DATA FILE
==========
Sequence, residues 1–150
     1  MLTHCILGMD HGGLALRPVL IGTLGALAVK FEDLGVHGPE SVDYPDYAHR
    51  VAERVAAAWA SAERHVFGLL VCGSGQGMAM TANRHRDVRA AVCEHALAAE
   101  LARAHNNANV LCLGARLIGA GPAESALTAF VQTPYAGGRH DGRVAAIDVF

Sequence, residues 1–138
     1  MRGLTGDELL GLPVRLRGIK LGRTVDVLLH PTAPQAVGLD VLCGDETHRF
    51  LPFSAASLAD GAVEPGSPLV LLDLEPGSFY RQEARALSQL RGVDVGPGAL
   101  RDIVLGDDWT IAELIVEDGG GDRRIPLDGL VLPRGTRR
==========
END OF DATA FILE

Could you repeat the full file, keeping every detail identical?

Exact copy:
Sequence, residues 1–150
     1  MLTHCILGMD HGGLALRPVL IGTLGALAVK FEDLGVHGPE SVDYPDYAHR
    51  VAERVAAAWA SAERHVFGLL VCGSGQGMAM TANRHRDVRA AVCEHALAAE
   101  LARAHNNANV LCLGARLIGA GPAESALTAF VQTPYAGGRH DGRVAAIDVF

Sequence, residues 1–138
     1  MRGLTGDELL GLPVRLRGIK LGRTVDVLLH PTAPQAVGLD VLCGDETHRF
    51  LPFSAASLAD GAVEPGSPLV LLDLEPGSFY RQEARALSQL RGVDVGPGAL
   101  RDIVLGDDWT IAELIVEDGG GDRRIPLDGL VLPRGTRR